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Healthy diet helps chef recover from rare cancer
by Staff Reports
September 11, 2013 04:24 PM | 2480 views | 0 0 comments | 35 35 recommendations | email to a friend | print
James Beard Foundation Award finalist and Miller Union Executive Chef Steven Satterfield was running a successful restaurant in west Midtown and preparing for the Charleston Food + Wine Festival when he was suddenly faced with Stage III testicular cancer and underwent treatment at Piedmont Atlanta Hospital in Buckhead, the hospital announced Aug. 27 in a news release.

A suspicious lump had led Satterfield to visit his Emory Midtown primary care physician, Jeffrey Rollins, M.D. Knowing he was out of the typical age range of 18 to 35 for testicular cancer, the 42-year-old wasn’t too worried at first.

“I thought it was a cyst,” said Satterfield. “But my primary care doctor was concerned and referred me to Dr. Gilbert Foster, a urologist at Piedmont West who was sure it was a malignant tumor.”

At the end of February 2012, Satterfield underwent surgery to remove the tumor and began chemotherapy to destroy the cancer that had already reached his lungs.

“Although Steven was out of the typical age range of those at risk for testicular cancer, there is a lesser known group of men age 40 to 45 that are at risk,” said Vasily Assikis, M.D., Satterfield’s oncologist at Piedmont. “Luckily, testicular cancer responds well to treatment even when it spreads elsewhere in the body.”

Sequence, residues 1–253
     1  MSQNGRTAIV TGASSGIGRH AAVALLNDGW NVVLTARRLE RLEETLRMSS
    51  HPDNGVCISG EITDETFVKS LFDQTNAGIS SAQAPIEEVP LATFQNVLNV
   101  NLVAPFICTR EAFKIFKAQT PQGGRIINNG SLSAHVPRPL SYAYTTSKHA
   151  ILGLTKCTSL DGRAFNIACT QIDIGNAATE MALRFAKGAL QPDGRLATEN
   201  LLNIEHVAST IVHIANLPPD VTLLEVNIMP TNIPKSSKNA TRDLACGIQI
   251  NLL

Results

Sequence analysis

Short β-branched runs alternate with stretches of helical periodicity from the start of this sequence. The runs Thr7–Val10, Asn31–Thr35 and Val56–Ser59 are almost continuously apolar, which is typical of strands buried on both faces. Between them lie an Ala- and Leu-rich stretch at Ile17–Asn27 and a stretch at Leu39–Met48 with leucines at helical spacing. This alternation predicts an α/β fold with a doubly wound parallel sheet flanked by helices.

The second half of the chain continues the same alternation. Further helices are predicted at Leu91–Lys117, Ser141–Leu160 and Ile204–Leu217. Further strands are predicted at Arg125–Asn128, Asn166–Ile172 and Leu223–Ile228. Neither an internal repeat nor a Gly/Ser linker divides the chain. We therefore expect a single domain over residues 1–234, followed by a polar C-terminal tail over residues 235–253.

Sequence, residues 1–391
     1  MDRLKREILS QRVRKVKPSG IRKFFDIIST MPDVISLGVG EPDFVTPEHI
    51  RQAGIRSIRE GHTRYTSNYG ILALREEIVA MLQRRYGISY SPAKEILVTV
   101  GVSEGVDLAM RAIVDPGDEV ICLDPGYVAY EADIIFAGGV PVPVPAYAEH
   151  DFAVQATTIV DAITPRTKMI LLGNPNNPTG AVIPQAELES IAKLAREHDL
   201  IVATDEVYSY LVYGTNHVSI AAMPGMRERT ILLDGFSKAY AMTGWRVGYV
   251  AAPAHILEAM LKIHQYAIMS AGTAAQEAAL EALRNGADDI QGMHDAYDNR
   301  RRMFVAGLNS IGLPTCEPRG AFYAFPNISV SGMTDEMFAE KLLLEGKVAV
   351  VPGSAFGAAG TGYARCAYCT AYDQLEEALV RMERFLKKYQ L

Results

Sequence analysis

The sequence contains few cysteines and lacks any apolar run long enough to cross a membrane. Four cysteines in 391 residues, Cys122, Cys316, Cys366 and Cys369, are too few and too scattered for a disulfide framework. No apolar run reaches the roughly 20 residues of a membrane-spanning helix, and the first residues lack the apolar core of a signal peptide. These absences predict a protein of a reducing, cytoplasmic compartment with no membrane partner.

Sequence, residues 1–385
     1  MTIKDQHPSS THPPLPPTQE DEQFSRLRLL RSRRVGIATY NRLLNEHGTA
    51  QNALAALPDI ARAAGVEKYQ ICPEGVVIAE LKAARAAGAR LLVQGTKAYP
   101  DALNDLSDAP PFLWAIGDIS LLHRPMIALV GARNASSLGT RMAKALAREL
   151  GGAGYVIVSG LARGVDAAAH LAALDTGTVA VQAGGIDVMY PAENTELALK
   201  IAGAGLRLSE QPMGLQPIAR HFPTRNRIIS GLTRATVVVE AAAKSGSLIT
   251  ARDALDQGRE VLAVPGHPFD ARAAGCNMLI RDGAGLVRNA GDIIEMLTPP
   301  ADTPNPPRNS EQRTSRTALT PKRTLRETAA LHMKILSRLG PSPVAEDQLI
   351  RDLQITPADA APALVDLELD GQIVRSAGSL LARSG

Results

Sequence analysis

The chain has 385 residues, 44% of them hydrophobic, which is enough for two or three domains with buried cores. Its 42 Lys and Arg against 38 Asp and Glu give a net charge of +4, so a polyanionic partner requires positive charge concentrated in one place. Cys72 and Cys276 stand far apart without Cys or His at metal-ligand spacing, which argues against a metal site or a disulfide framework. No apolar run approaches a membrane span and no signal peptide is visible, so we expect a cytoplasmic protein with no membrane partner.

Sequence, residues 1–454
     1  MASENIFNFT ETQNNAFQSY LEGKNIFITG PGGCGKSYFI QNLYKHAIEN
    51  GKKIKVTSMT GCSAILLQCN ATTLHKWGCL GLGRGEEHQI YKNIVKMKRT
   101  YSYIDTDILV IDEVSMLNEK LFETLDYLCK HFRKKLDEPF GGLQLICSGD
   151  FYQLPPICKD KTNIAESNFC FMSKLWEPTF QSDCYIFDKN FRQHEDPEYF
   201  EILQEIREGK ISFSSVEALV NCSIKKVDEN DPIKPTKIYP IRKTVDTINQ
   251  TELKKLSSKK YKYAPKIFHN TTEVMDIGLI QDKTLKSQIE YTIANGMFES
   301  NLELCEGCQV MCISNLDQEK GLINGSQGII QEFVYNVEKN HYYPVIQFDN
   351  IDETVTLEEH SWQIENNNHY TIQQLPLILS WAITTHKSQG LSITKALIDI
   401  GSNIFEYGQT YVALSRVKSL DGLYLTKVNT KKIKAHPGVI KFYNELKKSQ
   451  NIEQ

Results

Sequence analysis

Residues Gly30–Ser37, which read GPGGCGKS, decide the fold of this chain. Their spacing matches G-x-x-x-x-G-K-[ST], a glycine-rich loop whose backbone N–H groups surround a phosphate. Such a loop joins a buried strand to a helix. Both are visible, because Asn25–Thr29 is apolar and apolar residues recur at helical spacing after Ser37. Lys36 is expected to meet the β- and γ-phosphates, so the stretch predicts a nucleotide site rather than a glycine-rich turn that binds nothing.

Satterfield, however, said the diagnosis was a complete shock.

“At first, I couldn’t wrap my head around what would happen to me,” he said. “In the restaurant business, we’re used to reacting to situations that come up and we buckle down to make it happen. So, that’s what we did.”

Satterfield turned to Cancer Wellness at Piedmont — which offers free services and programs such as yoga, cooking demos and counseling to anyone affected by cancer — for acupuncture therapy to help with nausea and digestion and to consult with a dietitian. As a chef who has spent his career dedicated to preparing locally grown foods, Satterfield received high remarks for his diet.

Now 43, Satterfield has been cancer-free for one year. He is working on a cookbook and has teamed up with Cancer Wellness at Piedmont to present his own cooking demonstrations, where he shares his expertise on the benefits of eating local and the link between nutrition and good health.

“I think all the fresh foods I eat helped me bounce back faster,” said Satterfield, who went back to work a week after finishing chemotherapy. “I want people to understand that nutrition and flavor don’t have to be mutually exclusive, and the benefits of combining the two can really make a difference in your overall health.”


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